Saturday, March 28, 2009

Brown / Brookings

I got an article from the Brookings Institute, reviewing the 2008 Brown Center Report on American Education, from my principal a couple of weeks ago. It's been sitting on my "to deal with soon" pile since then. (The "to deal with soon" pile is actually more of a metaphor, than an actual pile. It's spread across desks, counters, tabletops, boxes, and filing cabinets in 2 counties.) I've just now finished reading it. It looks at 3 issues: Comparing states' standard assessments to an international standard called PISA and their relative abilities to show educational efficacy; mandatory 8th-grade algebra programs; and an analysis of big-city student achievements compared to the suburban and rural school districts surrounding them.

Part 1:) Brown Center says that supporters say that PISA can offer policymakers evidence on what works and what doesn't around the world. Brown Center says not so fast, and states some problems with that idea. I don't know anything about the specifics, and until I start working on my doctorate in International Curriculum Alignment and Benchmarking, I'm unlikely to do so. But I'm pretty sure that we don't have any kind of standard curriculum around the world, we don't have any aggreement (and no plans to get one) with Europe on what our students should know, how well they should know it, and when. So to look at the standardized tests of Europe without any curriculum context is like comparing apples to, oh, I don't know, front-lawn sod. This is sharply different from the International Baccalaureate program, which does include some curriculum content. (Not saying IB is the answer to all questions. Just saying.)

Part 2:) California and Minnesota have passed laws that mandate algebra for all 8th graders by 2011. Brown Center says that we shouldn't have all 8th graders taking algebra, at least until we figure out how better to teach lagging math students. In other news, eating too much fat causes people to gain weight. Of course we shouldn't mandate algebra for 8th graders. High exptectations are one thing, but algebra involves a certain amount of neurological development that not all developing people have achieved by the age of 12-14. We should DEFINITELY have the option of 8th grade algebra available to those who are ready--heck, 7th (or 6th) grade algebra should be OK. We should DEFINITELY work towards having preK-7th grade math instruction strong enough to prepare 8th-grade students for algebra. But to require it seems like an awful idea.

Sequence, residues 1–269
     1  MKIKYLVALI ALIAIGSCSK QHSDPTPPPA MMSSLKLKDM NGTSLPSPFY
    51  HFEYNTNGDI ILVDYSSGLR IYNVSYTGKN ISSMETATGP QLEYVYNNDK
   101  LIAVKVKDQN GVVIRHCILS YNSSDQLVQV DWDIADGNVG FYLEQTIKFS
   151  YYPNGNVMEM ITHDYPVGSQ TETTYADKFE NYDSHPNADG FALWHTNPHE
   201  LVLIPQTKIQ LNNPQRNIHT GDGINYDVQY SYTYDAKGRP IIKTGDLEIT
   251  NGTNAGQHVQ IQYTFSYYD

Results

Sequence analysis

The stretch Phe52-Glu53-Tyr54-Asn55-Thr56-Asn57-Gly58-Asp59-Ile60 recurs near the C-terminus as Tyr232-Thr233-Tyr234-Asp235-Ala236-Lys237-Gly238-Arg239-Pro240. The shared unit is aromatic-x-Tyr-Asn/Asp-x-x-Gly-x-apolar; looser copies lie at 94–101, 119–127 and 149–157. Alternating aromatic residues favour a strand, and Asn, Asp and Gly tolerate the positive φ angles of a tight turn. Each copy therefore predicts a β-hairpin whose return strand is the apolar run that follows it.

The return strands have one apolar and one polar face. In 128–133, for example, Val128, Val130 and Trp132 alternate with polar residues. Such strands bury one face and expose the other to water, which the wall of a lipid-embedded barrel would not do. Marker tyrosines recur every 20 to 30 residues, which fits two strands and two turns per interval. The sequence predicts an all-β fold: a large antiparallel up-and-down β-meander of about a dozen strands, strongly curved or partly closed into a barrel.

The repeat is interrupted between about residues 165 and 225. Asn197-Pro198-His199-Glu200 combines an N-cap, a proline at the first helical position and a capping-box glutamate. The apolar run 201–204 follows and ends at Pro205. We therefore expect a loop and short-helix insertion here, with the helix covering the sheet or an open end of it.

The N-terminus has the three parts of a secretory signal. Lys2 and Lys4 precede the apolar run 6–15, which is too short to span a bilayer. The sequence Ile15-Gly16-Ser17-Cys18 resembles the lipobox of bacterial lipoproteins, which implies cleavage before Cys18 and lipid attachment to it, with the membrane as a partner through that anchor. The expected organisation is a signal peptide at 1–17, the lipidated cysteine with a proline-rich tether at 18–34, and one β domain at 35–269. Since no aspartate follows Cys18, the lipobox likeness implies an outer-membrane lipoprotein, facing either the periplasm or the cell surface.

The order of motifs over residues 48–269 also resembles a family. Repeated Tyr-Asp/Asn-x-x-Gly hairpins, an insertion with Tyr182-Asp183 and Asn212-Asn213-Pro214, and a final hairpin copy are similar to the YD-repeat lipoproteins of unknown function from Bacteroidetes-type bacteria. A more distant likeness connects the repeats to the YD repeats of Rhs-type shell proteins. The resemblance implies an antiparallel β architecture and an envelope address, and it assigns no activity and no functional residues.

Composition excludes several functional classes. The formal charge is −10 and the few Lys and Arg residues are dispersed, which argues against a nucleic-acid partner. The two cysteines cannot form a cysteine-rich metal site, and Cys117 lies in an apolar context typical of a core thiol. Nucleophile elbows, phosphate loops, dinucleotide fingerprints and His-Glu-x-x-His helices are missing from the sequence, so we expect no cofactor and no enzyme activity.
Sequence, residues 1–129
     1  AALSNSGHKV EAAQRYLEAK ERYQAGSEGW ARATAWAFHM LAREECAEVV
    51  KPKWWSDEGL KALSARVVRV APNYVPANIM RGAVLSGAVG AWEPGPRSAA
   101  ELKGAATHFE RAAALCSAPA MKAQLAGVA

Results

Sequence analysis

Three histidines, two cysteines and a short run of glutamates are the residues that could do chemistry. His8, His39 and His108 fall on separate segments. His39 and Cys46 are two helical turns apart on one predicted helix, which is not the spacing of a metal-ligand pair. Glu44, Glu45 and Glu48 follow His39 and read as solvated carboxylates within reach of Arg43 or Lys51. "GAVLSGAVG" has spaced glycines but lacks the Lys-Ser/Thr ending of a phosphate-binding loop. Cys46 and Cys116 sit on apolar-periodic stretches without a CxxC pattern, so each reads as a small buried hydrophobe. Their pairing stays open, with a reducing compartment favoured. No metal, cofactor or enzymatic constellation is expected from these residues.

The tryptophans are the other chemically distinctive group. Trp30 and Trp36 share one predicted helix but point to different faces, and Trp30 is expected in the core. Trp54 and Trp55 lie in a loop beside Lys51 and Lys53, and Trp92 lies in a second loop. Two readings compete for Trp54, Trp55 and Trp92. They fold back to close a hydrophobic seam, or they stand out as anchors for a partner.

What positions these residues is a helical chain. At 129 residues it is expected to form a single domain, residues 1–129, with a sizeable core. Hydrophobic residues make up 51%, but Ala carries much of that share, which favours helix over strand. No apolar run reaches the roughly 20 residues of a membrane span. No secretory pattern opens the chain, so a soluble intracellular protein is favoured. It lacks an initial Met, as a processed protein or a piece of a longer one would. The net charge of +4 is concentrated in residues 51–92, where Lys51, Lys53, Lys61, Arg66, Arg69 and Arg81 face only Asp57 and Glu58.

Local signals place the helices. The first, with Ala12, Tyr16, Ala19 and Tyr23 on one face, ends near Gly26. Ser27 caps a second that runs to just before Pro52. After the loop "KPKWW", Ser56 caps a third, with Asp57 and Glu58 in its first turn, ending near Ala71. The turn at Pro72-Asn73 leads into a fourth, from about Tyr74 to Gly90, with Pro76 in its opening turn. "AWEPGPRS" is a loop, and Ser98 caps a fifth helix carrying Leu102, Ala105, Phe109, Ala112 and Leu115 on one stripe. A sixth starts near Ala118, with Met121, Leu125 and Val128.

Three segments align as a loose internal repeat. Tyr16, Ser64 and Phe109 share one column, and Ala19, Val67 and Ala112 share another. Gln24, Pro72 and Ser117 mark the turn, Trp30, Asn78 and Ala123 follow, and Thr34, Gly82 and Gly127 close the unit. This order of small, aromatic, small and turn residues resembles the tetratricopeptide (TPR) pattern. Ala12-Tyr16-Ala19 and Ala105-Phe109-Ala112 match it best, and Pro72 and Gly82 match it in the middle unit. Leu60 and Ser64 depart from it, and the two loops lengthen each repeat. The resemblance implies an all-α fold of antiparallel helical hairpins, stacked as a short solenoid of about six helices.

Part 3:) Big-city schools are improving on standardized tests as compared to the suburbs and rural schools surrounding them. Brown Center says the progress is slow but steady, and is not prepared to say why this is. NCLB? Maybe. Mayoral control of schools? Not sure. I have no opinion of this. I'm happy for the big schools that have achieved good results. Nowhere near enough data to do any better than that.

Friday, March 27, 2009

People doing pt. 2

Dina Strasser's take on Chapter 2 of Marzano's Art and Science, over at ASCD Inservice. I'll be eagerly watching to see if Marzano continues to speak.

Dina Strasser's other blog. I haven't had time to look through it yet, but I've liked her on ASCD. Looking forward to less "assignment-driven" blogging.

To find her first chapter, you can click on the "Teaching" tag on the left of ASCD's website. You can also click here for this humble blog's link to the first chapter, and Marzano's oracular response.

Metablog: Tried the Trackback link instead of the other link, the wossname, the Permalink. We'll see if I show up.

Update: It didn't like the TrackBack link. Updated to fix.

Wednesday, March 25, 2009

Ad Hoc

Latin for "making it up as you go along."

Saturday, March 14, 2009

Revisiting flashcards

This was inspired by a conversation with a student from Germany who isn't in my Spanish class, about how to teach vocabulary in a World Languages course.

I don't use flash cards most of the time. I try to incorporate communicative activities in my classroom as much as possible. So I try to avoid using "memorize the Spanish word / memorize the English translation" activities as much as possible. My students still have a vocab list with the Spanish on one side and the English on another, because they get nervous if they can't see their vocabulary. But I use it as a security blanket, not as a primary source of vocabulary. (That's the intent, at least.) I see flashcards, as a rule, as an extension of memorizing translations. Studies show that this is an ineffective method of learning a language over the long term.

Instead, my students do glossary entries--they write the Spanish word and its translation, write a definition in Spanish or use the word in an example sentence, and draw a picture that illustrates the word. The idea is that by using the word in a meaningful sentence, they give it a meaningful context; by drawing a picture of it, they engage in non-lingustic representation, which helps with both retention and contextualization. I'll try to find the research on non-linguistic representation on vocabulary. The research is on the effects of vocabulary on L1 content learning, but it makes sense that L1 vocabulary acquisition strategies would work on L2 vocabulary, as well. The idea is that the students do one of these a day.